Mashudu Netsianda / Thupeyo Muleya, Senior Reporters
SOUTH Africa has announced that Zimbabweans who acquired permits under special dispensation will have to follow the normal channel of applying for work and study visas when their permits expire in December.
At least 200 000 Zimbabweans in South Africa face deportation when their special dispensation permits expire on December 31. They will then have to return home to apply for new permits.
Home Affairs Minister Malusi Gigaba, in a statement on Tuesday, confirmed speculation in the mainstream and social media in recent weeks that Zimbabwe Special Permits holders (ZPS) wishing to extend their stay at the expiry of their permits will do so under the conventional immigration laws.
“Accordingly, we have advised Zimbabwean nationals whose special permits are expiring, to apply for visas we issue under the mainstream immigration legislation, in the event they aspire to stay for any other purpose or period. On the basis of Cabinet’s decision on this matter, an announcement will be made on how we are going to proceed, but wild speculation, rumour-mongering, raising false alarm, fear and loathing are unwarranted,” Mr Gigaba said.
He said when the South African government introduced ZSP in August 2014, it had no intention to confer Zimbabweans with permanent residence status.
The special dispensation allowed Zimbabwean holders of the special permit to work, conduct business or study in South Africa for three years.
“We had started the special dispensation with Zimbabweans, with no intention, as clearly communicated, to confer or create expectations of permanent residence. South Africa, like other countries in the Sadc region, is well aware of challenges of border control, and the concomitant influx of economic migrants into the country, many under the pretext of asylum-seeking, with others breaking SA’s immigration legislation,” he said.
Mr Gigaba said the special dispensation proved to be an effective way of regularising the stay of Zimbabweans among other migrants from the Sadc as well as managing the flow of migrant labour in the region.
ZPS is a programme that replaced Dispensation for Zimbabwe Project (DZP) which ran from May to December 31, 2010. Only those who benefited under the DZP programme were eligible to apply for work and study permits under ZSP.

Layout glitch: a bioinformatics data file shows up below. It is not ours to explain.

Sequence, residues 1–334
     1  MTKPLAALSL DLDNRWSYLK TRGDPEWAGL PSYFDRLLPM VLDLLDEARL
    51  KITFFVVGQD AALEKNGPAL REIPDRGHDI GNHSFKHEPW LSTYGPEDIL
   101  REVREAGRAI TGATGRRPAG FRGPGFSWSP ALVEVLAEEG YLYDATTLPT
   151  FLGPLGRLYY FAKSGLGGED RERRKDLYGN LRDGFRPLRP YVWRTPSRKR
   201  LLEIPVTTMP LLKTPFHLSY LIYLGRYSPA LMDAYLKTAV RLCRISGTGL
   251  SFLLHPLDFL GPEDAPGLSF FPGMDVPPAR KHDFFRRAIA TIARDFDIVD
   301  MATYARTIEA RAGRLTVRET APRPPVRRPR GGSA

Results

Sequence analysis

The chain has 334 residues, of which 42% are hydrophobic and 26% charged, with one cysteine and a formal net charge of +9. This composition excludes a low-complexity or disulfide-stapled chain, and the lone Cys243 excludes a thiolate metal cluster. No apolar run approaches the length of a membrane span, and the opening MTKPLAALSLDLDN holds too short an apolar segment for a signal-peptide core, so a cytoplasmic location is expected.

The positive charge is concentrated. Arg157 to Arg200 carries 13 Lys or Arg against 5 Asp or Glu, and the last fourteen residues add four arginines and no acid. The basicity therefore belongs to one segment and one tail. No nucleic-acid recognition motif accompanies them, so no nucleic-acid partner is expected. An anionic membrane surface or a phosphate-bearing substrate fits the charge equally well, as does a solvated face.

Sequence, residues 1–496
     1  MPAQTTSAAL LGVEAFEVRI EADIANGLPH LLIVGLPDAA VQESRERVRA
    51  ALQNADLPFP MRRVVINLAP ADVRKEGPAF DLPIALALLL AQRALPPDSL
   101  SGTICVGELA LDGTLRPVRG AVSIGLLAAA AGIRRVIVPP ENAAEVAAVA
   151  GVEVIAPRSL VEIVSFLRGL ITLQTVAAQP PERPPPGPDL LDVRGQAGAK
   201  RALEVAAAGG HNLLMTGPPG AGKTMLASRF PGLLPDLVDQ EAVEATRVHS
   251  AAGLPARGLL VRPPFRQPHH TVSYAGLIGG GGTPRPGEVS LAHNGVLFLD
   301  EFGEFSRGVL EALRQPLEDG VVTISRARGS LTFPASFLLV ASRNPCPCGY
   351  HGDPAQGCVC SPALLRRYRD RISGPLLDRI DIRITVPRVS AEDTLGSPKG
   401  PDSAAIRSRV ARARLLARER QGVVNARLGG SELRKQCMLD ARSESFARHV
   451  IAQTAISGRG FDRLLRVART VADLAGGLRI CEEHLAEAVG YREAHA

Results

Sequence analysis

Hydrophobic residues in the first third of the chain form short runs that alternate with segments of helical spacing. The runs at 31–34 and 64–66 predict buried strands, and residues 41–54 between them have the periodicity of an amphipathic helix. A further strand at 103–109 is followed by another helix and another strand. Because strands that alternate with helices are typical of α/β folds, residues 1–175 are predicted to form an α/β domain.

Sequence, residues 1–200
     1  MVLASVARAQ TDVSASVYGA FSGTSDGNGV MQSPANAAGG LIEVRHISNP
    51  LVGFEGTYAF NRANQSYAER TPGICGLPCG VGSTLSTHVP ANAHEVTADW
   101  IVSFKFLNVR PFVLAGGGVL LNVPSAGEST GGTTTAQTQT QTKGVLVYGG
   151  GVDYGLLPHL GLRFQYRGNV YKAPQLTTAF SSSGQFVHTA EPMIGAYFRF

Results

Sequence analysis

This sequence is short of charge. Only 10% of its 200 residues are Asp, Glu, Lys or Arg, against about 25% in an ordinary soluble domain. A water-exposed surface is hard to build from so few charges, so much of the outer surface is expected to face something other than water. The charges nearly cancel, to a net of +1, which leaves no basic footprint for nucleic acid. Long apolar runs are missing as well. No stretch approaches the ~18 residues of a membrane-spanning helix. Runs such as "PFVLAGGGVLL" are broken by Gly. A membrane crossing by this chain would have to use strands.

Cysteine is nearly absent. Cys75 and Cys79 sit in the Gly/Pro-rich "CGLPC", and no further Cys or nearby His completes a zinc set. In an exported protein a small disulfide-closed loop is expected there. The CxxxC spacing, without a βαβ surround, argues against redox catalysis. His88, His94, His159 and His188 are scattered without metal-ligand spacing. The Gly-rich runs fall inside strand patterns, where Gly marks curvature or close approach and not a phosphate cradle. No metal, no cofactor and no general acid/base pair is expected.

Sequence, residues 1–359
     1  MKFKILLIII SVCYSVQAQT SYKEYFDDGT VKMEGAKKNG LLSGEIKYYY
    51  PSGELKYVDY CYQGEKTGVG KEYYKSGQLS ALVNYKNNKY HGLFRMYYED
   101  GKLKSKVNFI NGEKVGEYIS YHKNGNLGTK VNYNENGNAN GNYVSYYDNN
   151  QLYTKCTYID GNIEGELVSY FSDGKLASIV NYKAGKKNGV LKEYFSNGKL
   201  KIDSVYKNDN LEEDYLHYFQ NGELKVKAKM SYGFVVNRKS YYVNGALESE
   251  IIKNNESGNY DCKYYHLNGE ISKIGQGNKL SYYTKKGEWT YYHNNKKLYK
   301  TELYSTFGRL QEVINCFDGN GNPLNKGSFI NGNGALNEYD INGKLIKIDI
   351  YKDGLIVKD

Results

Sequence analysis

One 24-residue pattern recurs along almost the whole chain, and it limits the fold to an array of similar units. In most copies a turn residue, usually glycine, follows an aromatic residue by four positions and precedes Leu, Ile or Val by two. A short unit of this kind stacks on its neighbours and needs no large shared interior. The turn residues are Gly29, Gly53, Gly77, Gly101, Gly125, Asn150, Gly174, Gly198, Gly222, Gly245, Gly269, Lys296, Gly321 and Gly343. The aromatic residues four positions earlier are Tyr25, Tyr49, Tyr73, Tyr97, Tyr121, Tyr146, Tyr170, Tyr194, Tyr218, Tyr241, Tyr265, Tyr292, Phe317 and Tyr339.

Zimbabwe’s top envoy to South Africa Ambassador Isaac Moyo said the embassy was still engaging the host government over the permits.
He also dismissed the often-quoted figure of three million Zimbabweans said to be resident in South Africa, saying only about 1,8 million at most are in that country.
Opposition parties and pseudo non-governmental organisations have often said three million Zimbabweans have been resident in the neighbouring country in the last decade.
“There are less than three million Zimbabweans living in South Africa,” he said. “We have approximately 1,5 to 1,8 million resident here. The figures are being over-exaggerated. How do you add together the number of documented and undocumented people?”
“We are yet to discuss further what will happen at the end of the ZSP programme,” he said. “I can only give more information after we are through with our engagements.”
Zimbabwe’s consul-general to South Africa Mr Batiraishe Mukonoweshuro said it was difficult to arrive at figures in the absence of a data base showing the demographics of the documented and undocumented Zimbabweans.
“Until and when we have a data base, can we be able to come up with a figure. Those who benefited from the ZSP are a fraction of Zimbabweans living in South Africa.
“You will also note that part of these people were students who have completed their education and went back home or migrated to other countries. The figures keep fluctuating as many people die or leave the country.”
Mr Gigaba expressed concern over a disturbing trend of anti-immigrant sentiments and misinformation. The most recent has been the false messages which circulated on social media alleging the South African Home Affairs has called for immediate deportations of undocumented migrants from some African countries.
Mr Gigaba refuted the claims.
“We will not incite citizens to take the law into their hands when we have the legal means ourselves lawfully to control illegal migration and effect deportations as necessary. International migration is a global phenomenon, and is increasingly prominent in political and social discourse in many countries.
“South Africa, like many countries around the world, plays a careful balancing act in managing immigration.
“We value our connectedness with the rest of the world; our citizens visit and migrate to other countries, and so do we receive visitors and migrants from other countries,” said Mr Gigaba.